Inside+Terrestrial+Worlds

Inside+Terrestrial+Worlds - ASTR 1010 Astronomy of the...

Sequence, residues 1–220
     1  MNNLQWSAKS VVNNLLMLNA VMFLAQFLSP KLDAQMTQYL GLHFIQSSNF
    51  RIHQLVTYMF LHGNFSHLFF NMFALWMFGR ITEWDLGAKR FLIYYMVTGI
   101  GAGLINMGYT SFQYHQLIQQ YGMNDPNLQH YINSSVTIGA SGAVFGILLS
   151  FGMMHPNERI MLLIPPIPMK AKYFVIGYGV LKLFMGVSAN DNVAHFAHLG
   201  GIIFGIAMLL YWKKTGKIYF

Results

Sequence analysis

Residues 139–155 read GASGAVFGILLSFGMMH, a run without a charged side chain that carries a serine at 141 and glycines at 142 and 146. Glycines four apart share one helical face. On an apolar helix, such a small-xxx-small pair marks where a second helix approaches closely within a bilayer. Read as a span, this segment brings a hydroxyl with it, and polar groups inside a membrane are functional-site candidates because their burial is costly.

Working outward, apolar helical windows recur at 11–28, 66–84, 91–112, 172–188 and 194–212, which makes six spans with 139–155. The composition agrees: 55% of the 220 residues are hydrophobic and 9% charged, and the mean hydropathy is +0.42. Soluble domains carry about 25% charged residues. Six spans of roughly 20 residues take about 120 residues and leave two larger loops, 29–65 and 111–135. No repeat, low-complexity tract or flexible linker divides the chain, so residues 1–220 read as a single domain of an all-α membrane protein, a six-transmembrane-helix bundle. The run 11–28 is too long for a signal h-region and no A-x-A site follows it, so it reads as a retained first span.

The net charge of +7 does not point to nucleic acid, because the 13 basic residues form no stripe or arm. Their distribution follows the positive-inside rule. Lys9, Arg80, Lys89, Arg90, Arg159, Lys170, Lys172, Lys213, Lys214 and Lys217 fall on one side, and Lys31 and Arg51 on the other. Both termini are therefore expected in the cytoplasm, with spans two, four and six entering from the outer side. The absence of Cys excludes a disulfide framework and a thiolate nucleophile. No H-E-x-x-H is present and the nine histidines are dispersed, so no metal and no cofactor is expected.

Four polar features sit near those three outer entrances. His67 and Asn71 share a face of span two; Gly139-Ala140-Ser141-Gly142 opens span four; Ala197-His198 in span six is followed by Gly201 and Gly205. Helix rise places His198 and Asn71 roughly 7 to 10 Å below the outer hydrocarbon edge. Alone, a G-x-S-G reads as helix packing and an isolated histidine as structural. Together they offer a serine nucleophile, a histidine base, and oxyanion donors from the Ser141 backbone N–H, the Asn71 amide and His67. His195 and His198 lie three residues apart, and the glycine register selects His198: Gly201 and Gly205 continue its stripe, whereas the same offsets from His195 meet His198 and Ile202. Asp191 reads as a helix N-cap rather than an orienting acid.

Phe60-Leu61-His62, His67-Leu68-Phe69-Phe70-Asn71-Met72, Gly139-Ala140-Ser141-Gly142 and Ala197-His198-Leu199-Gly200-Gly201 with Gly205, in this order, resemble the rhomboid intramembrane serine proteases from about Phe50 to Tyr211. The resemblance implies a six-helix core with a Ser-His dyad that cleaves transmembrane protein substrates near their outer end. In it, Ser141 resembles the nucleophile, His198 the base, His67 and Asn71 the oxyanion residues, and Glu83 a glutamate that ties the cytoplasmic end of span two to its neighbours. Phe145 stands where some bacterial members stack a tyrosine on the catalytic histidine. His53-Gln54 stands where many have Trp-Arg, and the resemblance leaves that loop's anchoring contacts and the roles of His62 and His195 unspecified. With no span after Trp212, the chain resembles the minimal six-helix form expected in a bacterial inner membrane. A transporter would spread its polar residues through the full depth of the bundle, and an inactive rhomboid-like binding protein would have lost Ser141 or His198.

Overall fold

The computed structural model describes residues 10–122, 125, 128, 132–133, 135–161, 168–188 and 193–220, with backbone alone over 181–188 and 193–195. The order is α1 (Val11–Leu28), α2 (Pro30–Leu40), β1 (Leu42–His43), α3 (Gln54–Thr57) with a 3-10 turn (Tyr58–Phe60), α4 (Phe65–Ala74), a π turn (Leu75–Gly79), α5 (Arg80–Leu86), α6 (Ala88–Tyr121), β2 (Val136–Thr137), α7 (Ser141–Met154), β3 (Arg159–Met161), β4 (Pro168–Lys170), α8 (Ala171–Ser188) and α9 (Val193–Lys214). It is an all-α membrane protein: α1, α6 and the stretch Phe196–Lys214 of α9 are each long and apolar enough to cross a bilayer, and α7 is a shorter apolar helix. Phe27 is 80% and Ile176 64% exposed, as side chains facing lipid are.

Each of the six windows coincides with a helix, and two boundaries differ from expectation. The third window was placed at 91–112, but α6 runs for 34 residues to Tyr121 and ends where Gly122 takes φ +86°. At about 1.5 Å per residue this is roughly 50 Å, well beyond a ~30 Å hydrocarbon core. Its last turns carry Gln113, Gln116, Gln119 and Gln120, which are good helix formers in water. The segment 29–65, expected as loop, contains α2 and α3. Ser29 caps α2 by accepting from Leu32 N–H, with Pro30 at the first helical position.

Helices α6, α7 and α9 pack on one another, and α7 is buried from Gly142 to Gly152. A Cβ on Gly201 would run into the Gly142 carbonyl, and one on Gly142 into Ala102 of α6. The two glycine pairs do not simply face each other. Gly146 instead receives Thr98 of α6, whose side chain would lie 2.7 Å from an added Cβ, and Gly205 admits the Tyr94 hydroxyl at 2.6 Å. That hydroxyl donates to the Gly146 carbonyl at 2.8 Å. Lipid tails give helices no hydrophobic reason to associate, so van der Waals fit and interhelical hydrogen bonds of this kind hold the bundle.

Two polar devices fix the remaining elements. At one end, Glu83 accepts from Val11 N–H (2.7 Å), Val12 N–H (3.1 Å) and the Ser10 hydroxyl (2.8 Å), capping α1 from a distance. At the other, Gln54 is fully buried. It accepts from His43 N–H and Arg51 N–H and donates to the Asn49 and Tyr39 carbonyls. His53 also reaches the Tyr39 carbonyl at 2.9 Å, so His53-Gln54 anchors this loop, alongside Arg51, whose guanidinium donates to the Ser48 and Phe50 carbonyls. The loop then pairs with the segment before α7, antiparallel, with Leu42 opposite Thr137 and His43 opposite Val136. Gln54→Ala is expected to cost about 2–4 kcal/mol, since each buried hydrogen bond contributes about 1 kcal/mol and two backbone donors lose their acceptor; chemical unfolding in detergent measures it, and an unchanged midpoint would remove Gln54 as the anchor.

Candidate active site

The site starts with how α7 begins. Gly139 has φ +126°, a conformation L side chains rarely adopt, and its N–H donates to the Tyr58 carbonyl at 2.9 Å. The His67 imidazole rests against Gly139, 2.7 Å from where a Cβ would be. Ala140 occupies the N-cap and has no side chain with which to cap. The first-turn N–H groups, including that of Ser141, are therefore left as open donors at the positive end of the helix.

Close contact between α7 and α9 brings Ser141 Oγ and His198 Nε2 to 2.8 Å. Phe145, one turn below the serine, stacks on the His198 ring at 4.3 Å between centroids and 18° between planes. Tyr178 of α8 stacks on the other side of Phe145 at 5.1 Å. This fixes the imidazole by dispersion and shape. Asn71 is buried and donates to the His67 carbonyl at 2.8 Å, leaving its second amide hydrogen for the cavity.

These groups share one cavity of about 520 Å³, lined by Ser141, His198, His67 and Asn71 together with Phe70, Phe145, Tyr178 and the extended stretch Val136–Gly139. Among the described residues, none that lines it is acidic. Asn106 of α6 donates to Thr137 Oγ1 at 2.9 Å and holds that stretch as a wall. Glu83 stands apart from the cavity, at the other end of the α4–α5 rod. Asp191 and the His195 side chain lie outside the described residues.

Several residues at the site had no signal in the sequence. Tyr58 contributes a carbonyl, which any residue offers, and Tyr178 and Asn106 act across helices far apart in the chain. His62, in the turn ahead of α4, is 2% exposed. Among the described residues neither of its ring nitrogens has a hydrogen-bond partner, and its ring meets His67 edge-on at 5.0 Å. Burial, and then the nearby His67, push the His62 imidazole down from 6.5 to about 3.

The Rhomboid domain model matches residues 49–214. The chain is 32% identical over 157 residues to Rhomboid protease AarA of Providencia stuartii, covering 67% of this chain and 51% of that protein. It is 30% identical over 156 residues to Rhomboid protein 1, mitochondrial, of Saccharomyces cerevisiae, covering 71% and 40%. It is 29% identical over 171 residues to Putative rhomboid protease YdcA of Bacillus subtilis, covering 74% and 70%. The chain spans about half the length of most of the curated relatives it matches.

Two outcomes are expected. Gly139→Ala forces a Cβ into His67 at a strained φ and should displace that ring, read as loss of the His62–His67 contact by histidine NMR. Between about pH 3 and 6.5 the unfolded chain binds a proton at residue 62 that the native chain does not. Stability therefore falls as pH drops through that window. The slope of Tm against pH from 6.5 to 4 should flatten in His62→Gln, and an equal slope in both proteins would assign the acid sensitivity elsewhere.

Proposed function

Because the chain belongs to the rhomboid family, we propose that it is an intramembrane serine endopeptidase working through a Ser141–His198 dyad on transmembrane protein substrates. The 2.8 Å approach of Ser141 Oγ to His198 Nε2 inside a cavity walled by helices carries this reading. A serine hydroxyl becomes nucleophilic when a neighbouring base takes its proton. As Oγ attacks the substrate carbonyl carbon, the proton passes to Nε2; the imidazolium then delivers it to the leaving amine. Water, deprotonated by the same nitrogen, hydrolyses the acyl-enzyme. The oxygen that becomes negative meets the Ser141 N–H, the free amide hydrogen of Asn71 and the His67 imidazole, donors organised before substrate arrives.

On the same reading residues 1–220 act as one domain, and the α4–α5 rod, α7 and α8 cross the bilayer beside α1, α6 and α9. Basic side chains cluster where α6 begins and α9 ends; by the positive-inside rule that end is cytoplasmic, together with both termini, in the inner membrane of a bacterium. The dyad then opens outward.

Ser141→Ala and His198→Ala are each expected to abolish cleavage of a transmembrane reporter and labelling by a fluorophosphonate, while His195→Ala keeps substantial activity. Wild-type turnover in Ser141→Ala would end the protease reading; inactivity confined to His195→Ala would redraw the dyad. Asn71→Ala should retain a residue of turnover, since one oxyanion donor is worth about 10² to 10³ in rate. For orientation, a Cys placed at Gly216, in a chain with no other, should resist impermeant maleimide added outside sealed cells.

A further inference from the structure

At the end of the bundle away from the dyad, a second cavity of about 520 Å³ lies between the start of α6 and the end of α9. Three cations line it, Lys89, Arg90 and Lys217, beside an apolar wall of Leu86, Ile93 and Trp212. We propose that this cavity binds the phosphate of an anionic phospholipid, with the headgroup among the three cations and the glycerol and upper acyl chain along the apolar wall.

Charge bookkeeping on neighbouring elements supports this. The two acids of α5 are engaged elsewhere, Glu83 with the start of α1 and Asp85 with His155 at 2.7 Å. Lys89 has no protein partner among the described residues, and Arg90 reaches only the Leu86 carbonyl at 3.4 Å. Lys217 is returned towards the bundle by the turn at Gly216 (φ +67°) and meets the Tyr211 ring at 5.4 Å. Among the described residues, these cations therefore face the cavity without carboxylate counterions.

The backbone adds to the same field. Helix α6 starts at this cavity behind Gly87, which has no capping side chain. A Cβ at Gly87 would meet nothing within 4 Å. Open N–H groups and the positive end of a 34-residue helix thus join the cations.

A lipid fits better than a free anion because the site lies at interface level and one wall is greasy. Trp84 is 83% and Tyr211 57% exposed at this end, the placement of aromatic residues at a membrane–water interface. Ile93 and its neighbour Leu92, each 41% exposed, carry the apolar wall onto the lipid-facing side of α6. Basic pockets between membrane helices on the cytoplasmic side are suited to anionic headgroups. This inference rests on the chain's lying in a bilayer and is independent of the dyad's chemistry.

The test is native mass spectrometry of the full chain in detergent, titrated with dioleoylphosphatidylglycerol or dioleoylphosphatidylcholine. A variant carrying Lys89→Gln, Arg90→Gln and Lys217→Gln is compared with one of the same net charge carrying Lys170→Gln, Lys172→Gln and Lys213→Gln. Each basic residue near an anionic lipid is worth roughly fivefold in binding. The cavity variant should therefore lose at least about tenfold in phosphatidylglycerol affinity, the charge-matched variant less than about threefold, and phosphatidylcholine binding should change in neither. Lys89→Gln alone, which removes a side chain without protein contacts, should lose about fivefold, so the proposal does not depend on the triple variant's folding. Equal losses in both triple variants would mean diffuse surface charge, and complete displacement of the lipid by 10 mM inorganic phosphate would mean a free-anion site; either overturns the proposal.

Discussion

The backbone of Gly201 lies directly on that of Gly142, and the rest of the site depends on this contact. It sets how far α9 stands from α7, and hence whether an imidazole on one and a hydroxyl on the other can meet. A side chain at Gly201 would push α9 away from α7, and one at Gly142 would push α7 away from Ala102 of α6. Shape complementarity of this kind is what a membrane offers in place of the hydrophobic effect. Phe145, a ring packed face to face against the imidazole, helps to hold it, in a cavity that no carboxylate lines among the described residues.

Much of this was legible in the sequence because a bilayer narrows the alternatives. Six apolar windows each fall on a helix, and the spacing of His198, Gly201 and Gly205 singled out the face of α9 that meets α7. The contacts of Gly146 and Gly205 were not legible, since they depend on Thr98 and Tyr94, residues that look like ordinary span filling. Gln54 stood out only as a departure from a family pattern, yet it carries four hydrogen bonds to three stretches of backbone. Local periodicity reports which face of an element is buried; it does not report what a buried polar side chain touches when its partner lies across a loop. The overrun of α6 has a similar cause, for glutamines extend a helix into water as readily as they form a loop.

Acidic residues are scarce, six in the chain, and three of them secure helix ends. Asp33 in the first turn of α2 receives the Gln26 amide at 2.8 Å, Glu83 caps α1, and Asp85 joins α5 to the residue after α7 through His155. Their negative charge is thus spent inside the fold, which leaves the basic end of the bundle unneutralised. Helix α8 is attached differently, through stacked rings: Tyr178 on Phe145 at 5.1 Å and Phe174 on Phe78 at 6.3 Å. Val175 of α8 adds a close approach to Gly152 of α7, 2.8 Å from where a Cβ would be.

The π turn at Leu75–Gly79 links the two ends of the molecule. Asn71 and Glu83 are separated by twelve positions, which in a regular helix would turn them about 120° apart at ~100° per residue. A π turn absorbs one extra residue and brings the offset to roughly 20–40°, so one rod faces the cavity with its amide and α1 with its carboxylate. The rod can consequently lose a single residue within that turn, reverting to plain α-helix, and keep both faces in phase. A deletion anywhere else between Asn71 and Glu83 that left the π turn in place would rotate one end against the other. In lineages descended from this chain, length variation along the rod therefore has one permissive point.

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Unformatted text preview: ASTR 1010 Astronomy of the Solar System Inside Terrestrial Worlds Study Guide Unit 7 Textbook Ch. 7 Review Question 1.) The fact that the Earth has undergone differentiation suggests that the Earth's interior a) has always been solid. b) must not have a core. c) causes the continents to move. d) was once liquid. Differentiation Early bombardment was so intense that the terrestrial planets were molten throughout. This allowed for differentiation dense material sinks to the core and lighter material floats to the top. When the planet cools, this structure is preserved. Planetary Geology Terrestrial World Layering Study Guide 7.1 Layers of composition Core Nickel/Iron Mantle Rocky material Crust Granite/Basalt Inside Terrestrial Worlds Not in study guide How do we know what's inside a planet? Seismic waves. Inside Terrestrial Worlds Not in study guide Terrestrial World Layering Not in study guide Lithosphere layer of relatively cool and rigid rock that "floats" on the warmer, softer rock beneath. Strength of Rocks Study guide 7.2 Depends on composition, temperature, and surrounding pressure. High temperature - weaker High pressure stronger Traces of water weaker Rocky material can deform and "flow" over geological time-scales. Molten Rock (Liquid) Study guide 7.3 Viscosity describes the "thickness" of a liquid in terms of how rapidly it flows. Low viscosity flows quickly (water) High viscosity flows slowly (molasses) Viscosity is a measure of how much "resistance to flow" a fluid has. Geology Geology is a heat-driven process. As thermal energy escapes from the core into space, the surface of the planet changes. 2.) The Earth's core is hot today due to a) solar heating. b) recent large scale meteoroid bombardment. c) radioactivity. d) heat left over from the Earth's formation. e) both c and d Interior Heating Study guide 7.4 Accretion Process by which objects gather together to make larger objects. Friction from collisions generates thermal energy. Not a very important source heating now. Interior Heating Study guide 7.4 Differentiation All terrestrial planets are differentiated. Friction during separation of lighter and heavier material generates thermal energy. Interior Heating Study guide 7.4 Radioactivity Unstable elements spontaneously decay into different elements, releasing thermal energy in the process. This is now the most important heating source for the Earth's interior! Interior Heating Study guide 7.4 Tidal heating Heat from internal friction produced by tidal forces. Interior Heating Interior Cooling Study guide 7.5 Conduction Thermal energy is transferred by direct collisions between atoms and molecules. Heat flows from hotter objects to colder objects. Most important in the lithosphere, where the distances between different parts of the system are relatively small. Interior Cooling Study guide 7.5 Convection If conduction and radiation can't move heat quickly enough to prevent a density change, the hot material will move. Important in the mantle. Slow in the mantle (thick paste.) Interior Cooling Study guide 7.5 Eruption Volcanic activity in lithosphere. Interior Cooling Study guide 7.5 Thermal radiation (infrared light) from the surface. Interior Cooling 3.) The Earth's surface absorbs energy from sunlight and then radiates about as much energy back into space. The best proof you can offer for this fact is that the average surface temperature on Earth is a) warming slowly (~years.) b) not warming rapidly (~days.) c) half light and half dark. d) warmer at the core than on the surface. Lithosphere Lithosphere gets thicker as the rate of heating drops. Geological activity Lithosphere thickness The moon is geologically dead its all lithosphere with no molten part (no internal heat to move!) 4.) In general, what kind of planet would you expect to have the thickest lithosphere? a)The largest planet b)The smallest planet c)The planet farthest from the Sun. Role of Planetary Size Not in study guide Thinner lithospheres can crack into plates more easily than thicker lithospheres. Role of Planetary Size Not in study guide Why are larger planets geologically active longer? heating _ rate volume R3 lifetime 2 R cooling _ rate surface _ area R Larger radius longer lifetime Smaller radius shorter lifetime Role of Planetary Size ...
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